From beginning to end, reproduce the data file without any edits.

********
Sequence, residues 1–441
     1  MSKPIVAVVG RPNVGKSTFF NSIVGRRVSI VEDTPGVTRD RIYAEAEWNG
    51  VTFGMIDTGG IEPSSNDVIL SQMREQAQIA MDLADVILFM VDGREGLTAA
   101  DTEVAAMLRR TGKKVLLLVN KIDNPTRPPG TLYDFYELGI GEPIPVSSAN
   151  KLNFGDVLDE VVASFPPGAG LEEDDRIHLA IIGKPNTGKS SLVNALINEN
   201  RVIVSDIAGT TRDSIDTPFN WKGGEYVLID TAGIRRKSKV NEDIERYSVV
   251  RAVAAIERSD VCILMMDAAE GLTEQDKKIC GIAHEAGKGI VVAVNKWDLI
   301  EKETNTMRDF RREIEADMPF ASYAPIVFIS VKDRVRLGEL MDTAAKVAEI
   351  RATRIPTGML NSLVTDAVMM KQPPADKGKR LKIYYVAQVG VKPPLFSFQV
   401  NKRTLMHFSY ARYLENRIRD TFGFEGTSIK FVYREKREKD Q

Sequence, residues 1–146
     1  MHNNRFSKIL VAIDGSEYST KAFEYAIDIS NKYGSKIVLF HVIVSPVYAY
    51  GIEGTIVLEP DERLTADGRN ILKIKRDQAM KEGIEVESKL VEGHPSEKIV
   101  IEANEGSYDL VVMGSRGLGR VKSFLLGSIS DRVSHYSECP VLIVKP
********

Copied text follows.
Sequence, residues 1–441
     1  MSKPIVAVVG RPNVGKSTFF NSIVGRRVSI VEDTPGVTRD RIYAEAEWNG
    51  VTFGMIDTGG IEPSSNDVIL SQMREQAQIA MDLADVILFM VDGREGLTAA
   101  DTEVAAMLRR TGKKVLLLVN KIDNPTRPPG TLYDFYELGI GEPIPVSSAN
   151  KLNFGDVLDE VVASFPPGAG LEEDDRIHLA IIGKPNTGKS SLVNALINEN
   201  RVIVSDIAGT TRDSIDTPFN WKGGEYVLID TAGIRRKSKV NEDIERYSVV
   251  RAVAAIERSD VCILMMDAAE GLTEQDKKIC GIAHEAGKGI VVAVNKWDLI
   301  EKETNTMRDF RREIEADMPF ASYAPIVFIS VKDRVRLGEL MDTAAKVAEI
   351  RATRIPTGML NSLVTDAVMM KQPPADKGKR LKIYYVAQVG VKPPLFSFQV
   401  NKRTLMHFSY ARYLENRIRD TFGFEGTSIK FVYREKREKD Q

Sequence, residues 1–146
     1  MHNNRFSKIL VAIDGSEYST KAFEYAIDIS NKYGSKIVLF HVIVSPVYAY
    51  GIEGTIVLEP DERLTADGRN ILKIKRDQAM KEGIEVESKL VEGHPSEKIV
   101  IEANEGSYDL VVMGSRGLGR VKSFLLGSIS DRVSHYSECP VLIVKP